Pine Hollow Farm

Interseeding: timing cover crop planting

Steve Evanick at Pine Hollow Farm Cortland, NY.

 

Pine Hollow Farm, a dairy farm in Cortland NY, is owned and operated by the Evanick family: Tracy, John Jr., and Steve. They grow 500+ acres of corn (harvested for grain and silage), soybeans, and alfalfa. 

In 2013, Steve purchased a Valmar Airflo seeder for seeding hay fields and cover crops. In the past, they seeded cover crops primarily into areas with pronounced slope or fields harvested for silage. Steve said that the Airflo is expensive but quickly plants cover crops: “it can put down 20 acres of rye in a half hour”. Although the Airflo is efficient, it requires more seed (using 120 lbs/acre of seed) than other machines Steve has used previously for cover cropping.

In 2013, Steve became a host farm in our cover crop InterSeeder project. Cover crops were interseeded on .248 acres on June 24, 2013 at corn growth stage V5. Cover crops seeded were: ryegrass (‘KB Royal’ at 20 lb/ac), a legume mixture (hairy vetch, red clover, and crimson clover at 45 lb/ac), and a grass legume mixture (ryegrass, hairy vetch, red clover, and crimson clover at 32.5 lb/ac). The corn silage was harvested on September 24, 2013. Cover crops were sampled October 30, 2013 and yielded between 1300-1900 lb/a dry matter biomass.

Steve examines the interseeded clover.

Steve sees potential benefits of using the interseeded clover clover crop as a silage crop the following season. If the clover is 6-8 inches tall by the spring, Steve says that he would be able to mow the crop  and use it as silage. If Steve can ensure the clover will do well over winter, he would prefer to mow the field rather than plowing under the clover.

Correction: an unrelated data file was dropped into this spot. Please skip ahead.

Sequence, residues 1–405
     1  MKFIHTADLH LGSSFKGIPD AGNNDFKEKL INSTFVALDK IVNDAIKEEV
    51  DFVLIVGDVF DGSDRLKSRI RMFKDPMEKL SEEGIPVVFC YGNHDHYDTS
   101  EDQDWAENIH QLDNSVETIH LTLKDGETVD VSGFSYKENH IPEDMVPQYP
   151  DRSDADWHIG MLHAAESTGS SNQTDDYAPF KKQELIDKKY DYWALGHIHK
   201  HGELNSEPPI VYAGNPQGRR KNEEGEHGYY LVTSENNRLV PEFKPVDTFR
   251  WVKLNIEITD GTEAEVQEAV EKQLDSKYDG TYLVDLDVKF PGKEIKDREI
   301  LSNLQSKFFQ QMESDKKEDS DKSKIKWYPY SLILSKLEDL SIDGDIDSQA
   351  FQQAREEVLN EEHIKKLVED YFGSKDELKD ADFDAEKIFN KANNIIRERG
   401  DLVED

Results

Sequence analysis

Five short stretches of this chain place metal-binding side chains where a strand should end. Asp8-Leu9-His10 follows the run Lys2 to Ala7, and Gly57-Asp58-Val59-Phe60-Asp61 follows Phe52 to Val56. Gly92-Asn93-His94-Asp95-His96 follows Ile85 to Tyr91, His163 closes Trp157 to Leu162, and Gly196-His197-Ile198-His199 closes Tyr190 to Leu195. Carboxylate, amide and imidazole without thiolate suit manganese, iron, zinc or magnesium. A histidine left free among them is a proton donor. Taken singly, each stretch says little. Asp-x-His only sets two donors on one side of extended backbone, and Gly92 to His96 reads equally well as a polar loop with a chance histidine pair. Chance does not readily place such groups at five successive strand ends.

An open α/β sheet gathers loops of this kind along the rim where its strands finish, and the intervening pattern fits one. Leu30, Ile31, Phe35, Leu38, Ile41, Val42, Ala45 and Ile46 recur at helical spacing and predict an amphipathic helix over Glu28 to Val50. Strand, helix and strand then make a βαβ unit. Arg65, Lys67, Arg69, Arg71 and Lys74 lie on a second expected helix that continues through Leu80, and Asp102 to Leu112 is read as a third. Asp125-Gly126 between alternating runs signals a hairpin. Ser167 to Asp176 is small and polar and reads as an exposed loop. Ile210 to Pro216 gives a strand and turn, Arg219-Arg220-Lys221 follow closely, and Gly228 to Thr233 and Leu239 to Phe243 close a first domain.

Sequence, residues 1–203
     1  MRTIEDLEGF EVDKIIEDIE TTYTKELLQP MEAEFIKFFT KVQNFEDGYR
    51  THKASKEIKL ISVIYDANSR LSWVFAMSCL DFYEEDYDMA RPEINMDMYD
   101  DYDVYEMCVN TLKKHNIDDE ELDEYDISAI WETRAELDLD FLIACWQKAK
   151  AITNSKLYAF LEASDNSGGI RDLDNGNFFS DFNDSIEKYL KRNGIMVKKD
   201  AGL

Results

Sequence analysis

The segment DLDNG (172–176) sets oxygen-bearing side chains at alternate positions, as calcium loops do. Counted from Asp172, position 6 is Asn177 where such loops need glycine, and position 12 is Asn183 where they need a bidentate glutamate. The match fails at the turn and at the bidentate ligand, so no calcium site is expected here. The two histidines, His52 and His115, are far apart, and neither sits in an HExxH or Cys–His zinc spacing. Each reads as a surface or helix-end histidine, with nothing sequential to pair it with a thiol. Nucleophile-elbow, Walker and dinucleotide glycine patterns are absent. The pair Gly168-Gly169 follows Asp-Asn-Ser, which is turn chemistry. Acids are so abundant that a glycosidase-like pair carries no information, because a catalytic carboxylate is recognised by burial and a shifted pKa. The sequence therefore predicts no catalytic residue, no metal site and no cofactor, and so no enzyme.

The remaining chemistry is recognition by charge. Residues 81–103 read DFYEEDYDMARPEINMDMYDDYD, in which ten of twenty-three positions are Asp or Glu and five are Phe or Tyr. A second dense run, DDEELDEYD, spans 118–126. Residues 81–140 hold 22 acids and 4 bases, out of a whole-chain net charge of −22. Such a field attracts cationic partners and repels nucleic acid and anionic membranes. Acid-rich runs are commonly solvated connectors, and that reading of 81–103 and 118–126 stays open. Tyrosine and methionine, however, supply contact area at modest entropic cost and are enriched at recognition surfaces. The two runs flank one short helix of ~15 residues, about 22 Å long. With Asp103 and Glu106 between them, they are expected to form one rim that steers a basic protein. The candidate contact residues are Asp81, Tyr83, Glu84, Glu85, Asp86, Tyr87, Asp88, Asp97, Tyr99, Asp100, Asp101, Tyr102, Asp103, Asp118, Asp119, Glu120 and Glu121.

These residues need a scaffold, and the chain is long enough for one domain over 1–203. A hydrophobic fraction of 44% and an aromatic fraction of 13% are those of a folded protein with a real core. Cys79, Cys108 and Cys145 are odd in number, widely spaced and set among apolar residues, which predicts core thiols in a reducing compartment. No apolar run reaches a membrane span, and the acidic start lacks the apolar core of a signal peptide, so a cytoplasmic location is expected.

A concern Steve has is interseeding the cover crop at the ideal growth stage of the corn: “I was curious if it [clover] was going to germinate, because once corn shades, the cover crop doesn’t get light. I think the most critical thing is that you put it [clover] on at the right time.” Interseeding at the ideal time during the cash crop’s growth-cycle can be a challenge for a busy grower. “That would be the biggest downfall for me, because we are so busy with silage, trying to come out here and do the interseeding would be a trade-off,” Steve said.

When asked if Steve sees a place for the InterSeeder on Pine Hollow Farm he said, “If they made a bigger one. My corn planter is 12 rows; I would have to have an 
InterSeeder that was also 12 rows.” But for now the InterSeeder has the possibility for dual benefits on Pine Hollow Farm, establishing early cover crops, and producing silage.

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